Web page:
Derek D’souza, Executive Assistant Manager, Hotel Marine Plaza Mumbai holds the view that invasion of home stays in India will not affect the ARR of the conventional hotels in the country. “Although India happens to be one of the fastest growing markets for Airbnb, we haven’t yet seen a meaningful impact on hospitality business in the major cities of the country due to home stays.  I reckon the greater concerns are more towards the leisure destinations at this point of time,” he said.

“Disruptions can be healthy for the industry for they can enable customers to enjoy best services at affordable rates. But the disruptors cannot be allowed to disrupt and thrive simply on the basis of avoiding regulations and taxes. Today a hotel, let us say charges Rs.1500/- for a room, then it has to pay 10 percent as luxury tax besides other taxes. But a bungalow listed in Airbnb, for over Rs.10,000/- a day, ends up paying nothing. If nothing else, this is a loss of revenue to the exchequer also. We welcome competition in any and every form, but this kind of disparity is unhealthy for the industry. It is almost as if we are doing our business with our hands tied. We will hope that the concerned Government authorities take cognisance of this and act at the earliest to protect the interests of all the stakeholders,” affirmed Dilip.

“The important thing is that customers must realise that if they are offered a cheaper product or service then there is a good chance that it is being offered at the cost of quality. So the customers have to identify what is best for them. Also at the same time, it is unfair that home owners are allowed to operate hotels under the guise of home stays and not comply with any rules and regulations that organised hotels have to. We will hope that the Government will see the disparity and also foresee the consequences of allowing a business model like this to continue,” declared Rishi.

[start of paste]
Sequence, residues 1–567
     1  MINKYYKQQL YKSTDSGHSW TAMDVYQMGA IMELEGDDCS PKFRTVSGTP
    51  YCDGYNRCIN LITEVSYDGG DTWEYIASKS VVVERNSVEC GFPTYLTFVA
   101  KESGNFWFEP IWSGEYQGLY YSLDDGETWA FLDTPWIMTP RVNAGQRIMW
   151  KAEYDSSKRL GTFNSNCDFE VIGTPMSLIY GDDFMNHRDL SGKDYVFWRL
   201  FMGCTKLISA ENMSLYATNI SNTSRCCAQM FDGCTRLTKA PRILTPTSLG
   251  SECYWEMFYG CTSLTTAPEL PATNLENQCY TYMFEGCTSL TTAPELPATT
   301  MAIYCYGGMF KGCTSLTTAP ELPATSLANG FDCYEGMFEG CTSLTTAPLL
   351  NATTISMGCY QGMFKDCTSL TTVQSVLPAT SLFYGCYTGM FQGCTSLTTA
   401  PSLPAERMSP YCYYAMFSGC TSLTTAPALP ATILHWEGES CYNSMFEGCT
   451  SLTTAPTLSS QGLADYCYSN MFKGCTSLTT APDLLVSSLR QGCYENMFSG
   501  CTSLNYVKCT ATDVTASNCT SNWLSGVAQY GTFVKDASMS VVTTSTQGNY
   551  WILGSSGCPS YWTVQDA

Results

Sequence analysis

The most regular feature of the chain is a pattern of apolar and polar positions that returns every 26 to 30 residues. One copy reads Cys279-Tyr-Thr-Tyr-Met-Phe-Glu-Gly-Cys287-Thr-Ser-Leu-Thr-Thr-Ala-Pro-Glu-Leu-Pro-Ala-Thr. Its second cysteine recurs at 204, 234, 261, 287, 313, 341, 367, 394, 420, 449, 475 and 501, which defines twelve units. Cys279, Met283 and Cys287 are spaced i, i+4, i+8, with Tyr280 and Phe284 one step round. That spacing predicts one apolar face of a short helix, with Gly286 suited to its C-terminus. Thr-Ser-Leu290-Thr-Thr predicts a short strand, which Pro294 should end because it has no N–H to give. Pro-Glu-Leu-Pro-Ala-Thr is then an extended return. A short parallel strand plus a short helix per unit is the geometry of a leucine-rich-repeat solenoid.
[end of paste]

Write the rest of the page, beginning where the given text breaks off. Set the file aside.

Unfair Advantage

All the three experts were discussing the unfair advantage of home stays pertaining to the Indian hospitality industry. One of the major reasons for the success of Airbnb and other home stay players in India is that they don’t have to deal with government rules and regulations like that of conventional hotels.

“The biggest advantage these operators have over us is that they are currently cost- effective to tourists. This is because they do not pay taxes or follow regulations that hotels need to. This gives them an unfair business advantage that goes against the concept of fair trade practices and it is a grave issue. While five-star hotels in India pay a substantial 38 percent of the room revenue as direct and indirect taxes, some of the lavish bungalows listed in hotel aggregator sites like Airbnb do  not pay a single rupee as taxes,” Dilip asserted.